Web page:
Upon the expiration of the first National Action Plan on Resolution 1325 and based on the gaps identified in its implementation, the second edition of the Action Plan was launched in March, 2020 and is expected to be operational until 2025.

Efforts by diverse Stakeholders to support the implementation of the second Action Plan include training gender activists in peace and security issues, training women as mediators and sensitizing women at the grassroots level on their roles in ensuring peaceful societies. The Ghana Armed Forces, as well as other security agencies are also currently reviewing their regulations with the objective of rolling out policies that are women-friendly and that ensure that women who participate in peace and security, including peacekeeping, are adequately protected.

The Ministry of Gender is being supported by other stakeholders such as the Kofi Annan International Peacekeeping Training Centre and the West African Network for Peacebuilding (WANEP), among others, to enable the operationalisation of the WPS Agenda in Ghana.

Ghana is the ninth largest contributor of personnel to UN missions, and as of April 2020, Ghanaian women constituted 14% of military and 25.6% of police personnel deployed to UN and AU missions. The increasing representation of Ghanaian women in peacekeeping operations has increased Ghana’s protective abilities through national legislation.

Ghana believes that the UN will be able to make significant gains in the protection of women peacebuilders if Member States incorporate the global WPS Agenda and relevant Council Resolutions into national action plans and programmes, and implement them.

Madam President,

Ghana also wishes to make the following four (4) points on how UN Member States can ensure the protection of women in peace processes and how the Security Council can prevent and respond to intimidation, violence, and attacks against them:

First of all, the Council, should urge the Secretary-General, to ensure the allocation of targeted, practical and rapid resources to facilitate responses to threats against women peacebuilders or avert potential dangers they may face. In this regard, the Council should ensure that peace operations are adequately resourced to address the challenges encountered by UN entities and Member States in monitoring, reporting and providing support to women peacebuilders..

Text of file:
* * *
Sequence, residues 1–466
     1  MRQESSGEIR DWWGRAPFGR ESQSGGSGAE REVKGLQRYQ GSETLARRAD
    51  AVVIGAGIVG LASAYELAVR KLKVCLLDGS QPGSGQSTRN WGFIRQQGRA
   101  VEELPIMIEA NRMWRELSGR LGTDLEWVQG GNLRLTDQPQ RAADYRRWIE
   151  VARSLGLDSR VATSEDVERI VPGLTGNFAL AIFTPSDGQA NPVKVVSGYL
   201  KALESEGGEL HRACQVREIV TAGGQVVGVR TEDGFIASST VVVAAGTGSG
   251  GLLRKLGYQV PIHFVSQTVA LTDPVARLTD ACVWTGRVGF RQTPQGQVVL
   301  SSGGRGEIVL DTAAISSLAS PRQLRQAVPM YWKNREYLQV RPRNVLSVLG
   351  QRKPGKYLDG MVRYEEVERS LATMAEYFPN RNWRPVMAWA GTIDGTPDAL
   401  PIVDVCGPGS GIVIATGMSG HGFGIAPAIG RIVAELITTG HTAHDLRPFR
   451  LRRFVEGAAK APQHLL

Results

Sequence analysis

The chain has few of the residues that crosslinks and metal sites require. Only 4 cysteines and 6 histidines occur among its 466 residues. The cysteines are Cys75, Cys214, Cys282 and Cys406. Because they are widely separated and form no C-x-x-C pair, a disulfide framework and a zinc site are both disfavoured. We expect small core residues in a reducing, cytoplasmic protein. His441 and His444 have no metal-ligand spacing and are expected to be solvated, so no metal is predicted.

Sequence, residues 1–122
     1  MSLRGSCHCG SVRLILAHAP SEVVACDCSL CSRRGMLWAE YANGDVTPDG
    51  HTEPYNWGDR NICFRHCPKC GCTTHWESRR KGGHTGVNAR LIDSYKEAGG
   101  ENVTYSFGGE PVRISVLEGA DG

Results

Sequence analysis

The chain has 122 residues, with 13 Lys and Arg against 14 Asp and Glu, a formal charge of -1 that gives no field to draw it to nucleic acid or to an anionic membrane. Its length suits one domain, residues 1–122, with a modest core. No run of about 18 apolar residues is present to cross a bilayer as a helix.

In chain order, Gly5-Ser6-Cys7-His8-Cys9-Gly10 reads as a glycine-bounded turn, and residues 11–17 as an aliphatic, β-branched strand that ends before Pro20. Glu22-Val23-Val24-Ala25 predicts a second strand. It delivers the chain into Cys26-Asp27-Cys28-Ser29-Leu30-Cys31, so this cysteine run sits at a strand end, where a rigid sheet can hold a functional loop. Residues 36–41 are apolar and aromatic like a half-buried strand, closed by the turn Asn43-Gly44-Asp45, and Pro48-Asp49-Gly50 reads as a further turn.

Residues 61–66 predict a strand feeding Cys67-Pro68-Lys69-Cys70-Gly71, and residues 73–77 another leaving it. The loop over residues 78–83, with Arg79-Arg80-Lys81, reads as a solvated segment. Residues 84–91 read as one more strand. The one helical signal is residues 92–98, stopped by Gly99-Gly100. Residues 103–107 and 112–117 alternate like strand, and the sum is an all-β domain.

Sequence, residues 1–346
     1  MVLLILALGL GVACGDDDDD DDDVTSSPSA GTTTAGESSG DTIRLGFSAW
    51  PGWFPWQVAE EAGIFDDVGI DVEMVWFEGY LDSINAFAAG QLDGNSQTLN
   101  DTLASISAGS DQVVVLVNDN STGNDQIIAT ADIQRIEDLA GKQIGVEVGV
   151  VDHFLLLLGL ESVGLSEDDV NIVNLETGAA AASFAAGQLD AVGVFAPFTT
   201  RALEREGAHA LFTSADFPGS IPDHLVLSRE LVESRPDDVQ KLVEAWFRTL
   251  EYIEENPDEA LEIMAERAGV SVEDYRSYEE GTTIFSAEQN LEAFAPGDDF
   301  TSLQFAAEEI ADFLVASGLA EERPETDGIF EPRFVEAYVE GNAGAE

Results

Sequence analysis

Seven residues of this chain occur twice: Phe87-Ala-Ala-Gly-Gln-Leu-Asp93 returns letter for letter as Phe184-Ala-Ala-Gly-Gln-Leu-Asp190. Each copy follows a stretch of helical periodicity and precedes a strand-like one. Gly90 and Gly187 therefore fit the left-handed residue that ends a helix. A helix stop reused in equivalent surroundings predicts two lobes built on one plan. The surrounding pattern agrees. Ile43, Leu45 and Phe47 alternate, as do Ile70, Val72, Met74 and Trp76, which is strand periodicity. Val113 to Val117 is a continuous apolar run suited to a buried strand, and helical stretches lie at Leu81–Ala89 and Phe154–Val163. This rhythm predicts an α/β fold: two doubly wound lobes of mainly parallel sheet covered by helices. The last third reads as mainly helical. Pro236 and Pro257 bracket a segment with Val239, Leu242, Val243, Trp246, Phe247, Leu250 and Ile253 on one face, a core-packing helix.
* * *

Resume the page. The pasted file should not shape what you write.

Secondly, the Council should impress upon the good offices of the Secretary-General to build the capacity of UN staff in conflict zones, with the objective of increasing their understanding of the work of women in peace processes. This will ultimately empower UN workers in conflict environments to furnish victims or potential victims of reprisals with the needed protection and support.

Also, UN Sanctions Committees should be utilized as tools to bring to justice, those guilty of intimidation, threats and reprisals against women in peacebuilding and to serve as a possible deterrents to potential aggressors. The active participation of women on the Panel of Experts is therefore, highly encouraged.

Lastly, the Security Council, Members States and the UN at large must be unequivocal and consistent in their defense of women briefers and they must continue to condemn all attacks against them. That level of international support will send a strong message to perpetrators of violent reprisals against women briefers, making them fully aware that the world is watching and that any violence against these women will not be tolerated.

In conclusion, Madam President,

Women are usually the most adversely affected by conflict but the most marginalised in peace processes, and the most punished for their peacebuilding efforts. Women’s voices bring real gender perspectives to peace discourses, which lead to better policies and more equitable and gender-sensitive as well as sustainable peace deals. Therefore, ensuring the full, equal and meaningful participation of women in peacebuilding should not be reduced to mere rhetoric within the confines of the Security Council. We owe it to women in peace and security all over the world to convert the rhetoric into zealous and concrete action.


I thank you, Madam President.